Un­der Zhao’s name, scam­mers got over $225K worth of BTC

AMBCrypto Weekly - - Front Page -

YouTube has for the long­est time de­fined and in­flu­enced our day-to-day life along with other so­cial me­dia plat­forms such as Face­book, In­sta­gram, and Tik­tok. News breaks here, trends are set here, money is made here; they are the go-to plat­forms.

Given that YouTube is one of the go-to hubs, there is also no way scam­mers would miss out on or­ches­trat­ing a ‘Giveaway’ scam, and this scam has been spread­ing like wild­fire since the end of last year. The scheme de­ployed is rather a nosweat game: cre­ate a chan­nel re­sem­bling the of­fi­cial com­mu­nity name, re­play an old con­fer­ence or in­ter­view video of a crypto-in­flu­encer, have a giveaway high­light at the end of the video redi­rect­ing users to check the de­scrip­tion, post the giveaway de­tails, and now, the im­por­tant piece of the puz­zle is to make sure that the en­tire scam is live.

Now, con­sid­er­ing how YouTube rec­om­mends videos based on past search his­tory, it was only nat­u­ral that these giveaway scams made it to my col­leagues and my rec­om­mended list; if you are some­one that does a lot of crypto-re­lated search on YouTube, then you too would have stum­bled upon at least one of these kinds of videos in the first three rows.

To see how ef­fi­cient these scams are, we an­a­lyzed a few of these ‘Live Giveaway Scams’ over six days. In these six days, Ethereum, Bit­coin, and Bi­nance took the front seat, while McAfee, Coin­base, Lite­coin and Bit­coin Cash took the back seat. Tak­ing 27 ad­dresses into con­sid­er­a­tion for six days, the scam­mers made a $330,959.30.

Modus Operandi Giveaway scams are no new tale in the cryp­to­sphere. On Twit­ter, Fake ac­counts are cre­ated un­der the names of Vi­ta­lik Bu­terin, Chang­peng Zhao and en­sur­ing that it re­sem­bles closely to that of the orig­i­nal ac­count.

The strat­egy em­ployed on Twit­ter was also just as easy; im­me­di­ately re­spond to the orig­i­nal Tweet with a giveaway promo, have mul­ti­ple fake ac­counts re­ply to the giveaway mes­sage with mes­sages that go along the lines of “Thanks! Re­ceived.” This saw even Pope Fran­cis and Elon Musk be­came the tar­get of scam­mers on Twit­ter.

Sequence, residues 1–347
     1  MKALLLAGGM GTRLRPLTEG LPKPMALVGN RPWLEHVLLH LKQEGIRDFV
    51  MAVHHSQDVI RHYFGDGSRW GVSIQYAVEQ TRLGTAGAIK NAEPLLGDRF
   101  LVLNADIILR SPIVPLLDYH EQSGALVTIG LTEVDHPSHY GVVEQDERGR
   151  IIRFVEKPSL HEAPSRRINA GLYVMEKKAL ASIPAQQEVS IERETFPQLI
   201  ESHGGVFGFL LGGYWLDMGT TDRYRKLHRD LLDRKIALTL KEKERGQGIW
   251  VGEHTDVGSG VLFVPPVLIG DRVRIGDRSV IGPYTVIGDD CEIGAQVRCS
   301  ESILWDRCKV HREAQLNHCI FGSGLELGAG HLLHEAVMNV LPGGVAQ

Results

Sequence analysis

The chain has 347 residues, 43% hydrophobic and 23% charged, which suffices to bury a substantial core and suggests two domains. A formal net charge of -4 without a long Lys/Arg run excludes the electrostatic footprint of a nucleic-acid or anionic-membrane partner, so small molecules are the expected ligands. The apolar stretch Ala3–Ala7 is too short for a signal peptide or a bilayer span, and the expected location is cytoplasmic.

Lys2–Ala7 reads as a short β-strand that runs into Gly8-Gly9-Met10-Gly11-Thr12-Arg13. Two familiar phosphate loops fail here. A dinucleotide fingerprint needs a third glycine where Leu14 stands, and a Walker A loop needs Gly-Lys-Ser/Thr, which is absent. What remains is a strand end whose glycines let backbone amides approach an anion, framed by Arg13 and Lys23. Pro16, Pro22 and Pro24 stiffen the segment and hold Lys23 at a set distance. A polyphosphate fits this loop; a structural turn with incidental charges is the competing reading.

A net­work of bot ac­counts pro­mot­ing scam ICOs and fake crypto give­aways con­tin­ued to tar­get public fig­ures both within and out­side the crypto world. Elon Musk - the face of Tesla and SpaceX - had stated:

“I want to know who is run­ning the Etherium scam­bots! Mad skillz …”

While Ethereum was at the apex of Twit­ter scams, it has also taken the top spot in the YouTube giveaway scams as well. A to­tal of $64,038.38 worth of Ethereum was si­phoned via YouTube scams, all of them fea­tur­ing the ‘Great Dic­ta­tor’ Vi­ta­lik Bu­terin.

The con­di­tions to par­tic­i­pate in these scam games were quite in­ter­est­ing. Send +3 ETH, get 30 ETH back; send 10+ ETH, get 100 ETH back with 10 per­cent bonus, and as the amount sent in­creases, the amount promised to send back also in­creases.

Bi­nance’s “Chang­peng Zhao’s YT videos” took the crown in terms of the amount scammed by users within a week’s time. With Bu­terin promis­ing Ethereum back, Zhao was spot­ted promis­ing to giveaway Bit­coin back on the video-shar­ing plat­form.

Un­der Zhao’s name, scam­mers have man­aged to take home over $225K worth of Bit­coin, with these videos record­ing more view­ers com­pared to oth­ers.

On whether this scam-game had an im­pact on the YouTube’s move to take down crypto-videos, Bob Sum­mer­will - ETC Co­op­er­a­tive Di­rec­tor - shared his thoughts with AMBCrypto,

“Yes, though not ex­clu­sively be­cause of that. More gen­er­ally, there is no qual­ity bar for crypto videos and it is in­flu­enc­ing peo­ple to put money at risk into projects many of which are scams. It is hard for YouTube to ad­e­quately en­sure that there are not scams on­go­ing.”

On the im­pact, Sum­mer­will stated,

“Not re­ally, ex­cept for elim­i­nat­ing the scam­mi­est el­e­ments. High-qual­ity con­tent will find other plat­forms. Hav­ing some bar­rier to en­try is not a bad thing.”

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